Jakarta: A total of 142 body bags have been taken to the site where an Indonesian military plane crashed on Tuesday in Medan city, officials said on Wednesday.
According to police, as the body bags may contain only parts of the bodies, it is yet unclear how many bodies have been recovered, Xinhua reported.
Earlier, local media reports quoted police officers as saying that 141 bodies have been recovered at the site.
The ill-fated C-130 Hercules plane crashed into downtown of Medan on Tuesday shortly after takeoff.
The Indonesian military said there were 122 people aboard the plane, revising an earlier statement that said 113 people were on board.
Some 59 bodies have been identified from the body bags, said Sairi Saragih, an official at the Adam Malik hospital, adding “eight of those identified bodies have been brought to the airport, to be handed over by the Disaster Victim Identification (DVI) team to their families.”
Artificial Intelligence (AI) poses risk of hackers
AI uses computer system to do daily activities
AI uses many computer systems which can be misused by hackers
Rapid advances in artificial intelligence are raising risks that malicious users will soon exploit the technology to mount automated hacking attacks, cause driverless car crashes or turn commercial drones into targeted weapons, a new report warns.
The study, published on Wednesday by 25 technical and public policy researchers from Cambridge, Oxford and Yale universities along with privacy and military experts, sounded the alarm for the potential misuse of AI by rogue states, criminals and lone-wolf attackers.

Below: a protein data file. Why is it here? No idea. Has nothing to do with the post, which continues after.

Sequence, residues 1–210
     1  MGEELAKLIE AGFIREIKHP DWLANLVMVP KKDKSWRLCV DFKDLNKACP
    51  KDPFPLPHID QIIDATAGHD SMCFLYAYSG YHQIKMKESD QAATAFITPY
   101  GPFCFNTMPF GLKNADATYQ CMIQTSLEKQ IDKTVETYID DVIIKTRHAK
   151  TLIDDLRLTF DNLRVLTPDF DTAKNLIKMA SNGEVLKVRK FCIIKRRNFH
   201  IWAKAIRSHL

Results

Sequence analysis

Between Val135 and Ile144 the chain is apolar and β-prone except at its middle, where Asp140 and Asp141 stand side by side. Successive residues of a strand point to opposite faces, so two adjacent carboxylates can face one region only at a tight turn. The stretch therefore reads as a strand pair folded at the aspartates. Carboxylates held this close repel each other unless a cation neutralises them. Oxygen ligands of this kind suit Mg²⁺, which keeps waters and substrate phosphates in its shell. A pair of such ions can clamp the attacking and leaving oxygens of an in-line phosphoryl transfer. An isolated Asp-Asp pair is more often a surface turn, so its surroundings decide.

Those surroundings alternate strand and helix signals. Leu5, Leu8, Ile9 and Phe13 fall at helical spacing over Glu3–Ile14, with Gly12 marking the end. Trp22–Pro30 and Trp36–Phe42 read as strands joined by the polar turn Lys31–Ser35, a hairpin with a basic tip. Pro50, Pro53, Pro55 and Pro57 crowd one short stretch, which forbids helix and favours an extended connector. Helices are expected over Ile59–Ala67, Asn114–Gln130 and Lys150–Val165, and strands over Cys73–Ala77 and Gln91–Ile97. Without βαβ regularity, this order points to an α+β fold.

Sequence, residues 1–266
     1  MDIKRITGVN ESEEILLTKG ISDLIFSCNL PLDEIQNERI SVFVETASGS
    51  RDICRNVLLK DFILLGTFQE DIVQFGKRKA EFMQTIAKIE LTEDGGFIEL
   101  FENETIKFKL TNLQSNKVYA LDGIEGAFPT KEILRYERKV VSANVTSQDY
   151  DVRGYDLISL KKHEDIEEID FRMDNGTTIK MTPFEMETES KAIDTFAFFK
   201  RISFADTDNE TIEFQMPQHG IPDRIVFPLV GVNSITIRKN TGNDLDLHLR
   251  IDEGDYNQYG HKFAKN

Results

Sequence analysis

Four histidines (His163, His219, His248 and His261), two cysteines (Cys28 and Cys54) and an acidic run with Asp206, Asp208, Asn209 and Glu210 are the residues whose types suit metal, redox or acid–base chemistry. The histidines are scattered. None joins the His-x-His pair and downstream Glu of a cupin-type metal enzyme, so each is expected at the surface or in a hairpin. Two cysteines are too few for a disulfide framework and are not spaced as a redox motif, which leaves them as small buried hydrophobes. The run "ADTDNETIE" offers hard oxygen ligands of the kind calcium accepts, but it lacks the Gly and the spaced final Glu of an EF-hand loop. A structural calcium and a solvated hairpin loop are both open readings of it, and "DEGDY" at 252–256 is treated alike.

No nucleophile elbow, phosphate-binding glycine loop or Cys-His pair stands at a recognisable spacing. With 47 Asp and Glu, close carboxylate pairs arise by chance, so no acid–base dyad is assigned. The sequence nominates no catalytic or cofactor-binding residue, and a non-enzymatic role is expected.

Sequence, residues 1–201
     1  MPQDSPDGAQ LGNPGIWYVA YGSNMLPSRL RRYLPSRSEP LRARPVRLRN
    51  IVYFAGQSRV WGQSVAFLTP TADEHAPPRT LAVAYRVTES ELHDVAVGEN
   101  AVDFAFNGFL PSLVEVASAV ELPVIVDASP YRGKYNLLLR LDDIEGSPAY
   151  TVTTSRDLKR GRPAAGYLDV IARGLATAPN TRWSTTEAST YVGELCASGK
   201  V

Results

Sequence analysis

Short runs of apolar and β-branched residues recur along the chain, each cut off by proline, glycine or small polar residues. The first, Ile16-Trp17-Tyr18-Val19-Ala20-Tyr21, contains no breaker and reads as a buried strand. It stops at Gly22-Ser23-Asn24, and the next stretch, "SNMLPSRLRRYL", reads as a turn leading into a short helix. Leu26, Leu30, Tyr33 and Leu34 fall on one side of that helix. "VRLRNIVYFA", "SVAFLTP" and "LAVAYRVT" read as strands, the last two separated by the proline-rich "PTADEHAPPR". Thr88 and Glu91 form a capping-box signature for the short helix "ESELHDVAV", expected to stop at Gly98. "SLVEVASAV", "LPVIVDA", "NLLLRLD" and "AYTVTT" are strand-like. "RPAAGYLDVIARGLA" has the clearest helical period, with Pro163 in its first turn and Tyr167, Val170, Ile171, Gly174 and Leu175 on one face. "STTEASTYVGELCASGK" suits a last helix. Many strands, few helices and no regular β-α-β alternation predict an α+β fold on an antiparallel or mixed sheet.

The researchers said the malicious use of AI poses imminent threats to digital, physical and political security by allowing for large-scale, finely targeted, highly efficient attacks. The study focuses on plausible developments within five years.
“We all agree there are a lot of positive applications of AI,” Miles Brundage, a research fellow at Oxford’s Future of Humanity Institute. “There was a gap in the literature around the issue of malicious use.”
Artificial intelligence, or AI, involves using computers to perform tasks normally requiring human intelligence, such as making decisions or recognizing text, speech or visual images.
It is considered a powerful force for unlocking all manner of technical possibilities but has become a focus of strident debate over whether the massive automation it enables could result in widespread unemployment and other social dislocations.
The 98-page paper cautions that the cost of attacks may be lowered by the use of AI to complete tasks that would otherwise require human labour and expertise. New attacks may arise that would be impractical for humans alone to develop or which exploit the vulnerabilities of AI systems themselves.
It reviews a growing body of academic research about the security risks posed by AI and calls on governments and policy and technical experts to collaborate and defuse these dangers.
The researchers detail the power of AI to generate synthetic images, text and audio to impersonate others online, in order to sway public opinion, noting the threat that authoritarian regimes could deploy such technology.
The report makes a series of recommendations including regulating AI as a dual-use military/commercial technology.
It also asks questions about whether academics and others should rein in what they publish or disclose about new developments in AI until other experts in the field have a chance to study and react to potential dangers they might pose.
“We ultimately ended up with a lot more questions than answers,” Brundage said. VOA